Engineers Create Cross-Linked Hydrogels to Lure Stem Cells Into Wounds

Hydrogels have become a popular material for new treatment strategies targeting a variety of diseases. They can deliver encapsulated therapeutic molecules, degrade in the body at a predefined rate, and can be biocompatible. However, each application requires the hydrogel to have appropriate strength, consistency, and the ability to carry growth factors or other molecules within itself.

Researchers at Rice University have now created a way to incorporate biomolecules intended for delivery to a target site in the body into structural components within an injectable hydrogel. These biomolecules give the hydrogel its unique pliability, and they can provide a therapeutic effect at the site of injection while simultaneously working as part of the hydrogel structure, which makes the whole process more efficient.

The researchers were able to attach molecules related to bone and cartilage growth to cross-linkers within a hydrogel. These molecules attract stem cells to move toward them, helping to heal any kind of damage close to the hydrogel. The material is injectable and the process to make a batch is performed at room temperature, which should facilitate its use in the clinic.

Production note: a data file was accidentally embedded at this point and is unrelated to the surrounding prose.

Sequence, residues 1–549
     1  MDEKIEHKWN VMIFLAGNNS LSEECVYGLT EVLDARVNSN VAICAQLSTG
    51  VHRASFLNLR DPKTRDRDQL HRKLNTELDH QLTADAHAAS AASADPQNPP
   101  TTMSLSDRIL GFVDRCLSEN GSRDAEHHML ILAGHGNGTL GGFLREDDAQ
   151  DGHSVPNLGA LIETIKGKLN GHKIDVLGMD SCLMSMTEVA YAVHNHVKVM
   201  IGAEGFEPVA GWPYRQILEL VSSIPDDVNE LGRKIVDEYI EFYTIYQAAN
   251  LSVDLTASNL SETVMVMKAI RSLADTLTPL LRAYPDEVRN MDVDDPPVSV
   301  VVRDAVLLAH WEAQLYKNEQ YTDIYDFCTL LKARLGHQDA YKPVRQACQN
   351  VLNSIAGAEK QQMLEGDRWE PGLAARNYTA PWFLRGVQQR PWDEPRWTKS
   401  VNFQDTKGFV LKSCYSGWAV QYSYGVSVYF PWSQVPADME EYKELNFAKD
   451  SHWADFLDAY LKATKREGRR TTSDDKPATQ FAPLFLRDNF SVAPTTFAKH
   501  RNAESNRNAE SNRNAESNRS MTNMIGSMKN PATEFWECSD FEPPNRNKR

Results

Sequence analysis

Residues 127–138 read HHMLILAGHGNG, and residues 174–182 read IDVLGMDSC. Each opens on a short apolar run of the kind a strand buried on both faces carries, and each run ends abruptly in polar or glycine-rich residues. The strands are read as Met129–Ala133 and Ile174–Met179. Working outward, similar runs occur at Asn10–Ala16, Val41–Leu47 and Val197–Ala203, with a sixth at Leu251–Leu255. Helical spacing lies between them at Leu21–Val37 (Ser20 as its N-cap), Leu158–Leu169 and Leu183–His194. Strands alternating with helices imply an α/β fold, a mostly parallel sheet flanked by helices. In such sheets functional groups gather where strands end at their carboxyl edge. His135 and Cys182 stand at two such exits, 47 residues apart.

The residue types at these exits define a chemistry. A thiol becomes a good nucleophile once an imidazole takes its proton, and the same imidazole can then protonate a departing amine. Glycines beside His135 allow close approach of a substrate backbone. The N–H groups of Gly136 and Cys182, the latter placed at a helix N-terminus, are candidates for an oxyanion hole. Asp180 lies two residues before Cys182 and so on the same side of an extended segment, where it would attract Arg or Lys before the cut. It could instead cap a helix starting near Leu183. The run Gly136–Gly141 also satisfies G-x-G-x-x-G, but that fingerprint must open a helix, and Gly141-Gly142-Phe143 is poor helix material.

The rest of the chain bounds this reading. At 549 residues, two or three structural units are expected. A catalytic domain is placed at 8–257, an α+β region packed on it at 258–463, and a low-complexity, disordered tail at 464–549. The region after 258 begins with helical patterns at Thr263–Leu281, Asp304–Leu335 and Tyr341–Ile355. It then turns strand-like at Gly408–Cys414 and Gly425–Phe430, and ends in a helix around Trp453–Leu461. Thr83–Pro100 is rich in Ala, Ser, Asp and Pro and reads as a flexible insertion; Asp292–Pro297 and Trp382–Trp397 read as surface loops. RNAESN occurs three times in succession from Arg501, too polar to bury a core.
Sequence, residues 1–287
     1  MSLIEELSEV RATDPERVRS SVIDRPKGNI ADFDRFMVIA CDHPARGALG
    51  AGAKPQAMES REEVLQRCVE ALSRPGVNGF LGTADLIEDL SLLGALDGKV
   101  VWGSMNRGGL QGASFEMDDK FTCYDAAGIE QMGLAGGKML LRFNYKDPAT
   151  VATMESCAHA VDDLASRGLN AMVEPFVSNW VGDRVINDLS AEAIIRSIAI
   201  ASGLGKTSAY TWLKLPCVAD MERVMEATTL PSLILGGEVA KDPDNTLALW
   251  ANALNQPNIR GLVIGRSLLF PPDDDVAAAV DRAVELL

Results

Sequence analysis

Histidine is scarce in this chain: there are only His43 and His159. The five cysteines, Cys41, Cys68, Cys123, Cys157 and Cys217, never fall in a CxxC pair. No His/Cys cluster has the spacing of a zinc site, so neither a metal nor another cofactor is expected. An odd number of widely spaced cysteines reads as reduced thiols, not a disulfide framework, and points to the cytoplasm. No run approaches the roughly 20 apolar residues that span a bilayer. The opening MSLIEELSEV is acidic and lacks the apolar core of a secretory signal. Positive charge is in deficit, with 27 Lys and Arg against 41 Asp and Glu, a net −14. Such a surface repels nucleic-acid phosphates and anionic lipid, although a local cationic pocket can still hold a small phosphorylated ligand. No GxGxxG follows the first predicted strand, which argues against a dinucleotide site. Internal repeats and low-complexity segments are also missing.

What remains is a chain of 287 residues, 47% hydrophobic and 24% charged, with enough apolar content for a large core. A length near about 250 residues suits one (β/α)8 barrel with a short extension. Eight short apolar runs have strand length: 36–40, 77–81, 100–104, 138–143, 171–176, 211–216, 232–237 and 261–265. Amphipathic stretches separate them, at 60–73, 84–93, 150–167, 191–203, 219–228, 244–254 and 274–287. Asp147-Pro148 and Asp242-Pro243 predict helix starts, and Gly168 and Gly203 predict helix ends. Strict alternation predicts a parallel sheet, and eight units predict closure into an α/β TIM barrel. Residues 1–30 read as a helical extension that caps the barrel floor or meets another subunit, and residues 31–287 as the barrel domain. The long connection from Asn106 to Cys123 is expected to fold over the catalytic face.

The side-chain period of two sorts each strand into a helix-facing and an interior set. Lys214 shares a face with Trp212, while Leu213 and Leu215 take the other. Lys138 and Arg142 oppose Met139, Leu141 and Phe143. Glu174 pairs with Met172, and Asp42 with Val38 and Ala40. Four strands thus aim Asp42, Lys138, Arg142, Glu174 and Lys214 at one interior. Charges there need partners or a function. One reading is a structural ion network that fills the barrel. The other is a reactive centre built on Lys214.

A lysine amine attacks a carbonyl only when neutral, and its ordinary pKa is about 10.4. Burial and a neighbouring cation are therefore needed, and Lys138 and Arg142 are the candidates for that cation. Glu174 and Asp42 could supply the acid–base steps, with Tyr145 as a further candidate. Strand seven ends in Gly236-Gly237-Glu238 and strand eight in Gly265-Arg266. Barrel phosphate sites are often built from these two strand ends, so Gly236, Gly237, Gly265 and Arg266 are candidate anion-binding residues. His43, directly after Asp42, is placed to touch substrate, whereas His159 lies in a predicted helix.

It should be possible to create bandages using this new material that would motivate the body’s own mesenchymal stem cells to gather around the bandage and quickly heal the wound beneath. The material would then degrade and disappear into the body, without having to be painfully pulled off as is common with most bandages.

Here’s a summary from the study’s abstract in Science Advances that briefly explains the process of creating these cross-linked bioactive hydrogels:

To introduce tissue-specific biochemical cues to these hydrogels, we have developed a modular hydrogel cross-linker, poly(glycolic acid)–poly(ethylene glycol)–poly(glycolic acid)-di(but-2-yne-1,4-dithiol) (PdBT), that can be functionalized with small peptide-based cues and large macromolecular cues simply by mixing PdBT in water with the appropriate biomolecules at room temperature. Cartilage- and bone-specific PdBT macromers were generated by functionalization with a cartilage-associated hydrophobic N-cadherin peptide, a hydrophilic bone morphogenetic protein peptide, and a cartilage-derived glycosaminoglycan, chondroitin sulfate. These biofunctionalized PdBT macromers can spontaneously cross-link polymers such as poly(N-isopropylacrylamide) to produce rapidly cross-linking, highly swollen, cytocompatible, and hydrolytically degradable hydrogels suitable for mesenchymal stem cell encapsulation.

Study in journal Science Advances: Modular, tissue-specific, and biodegradable hydrogel cross-linkers for tissue engineering

Via: Rice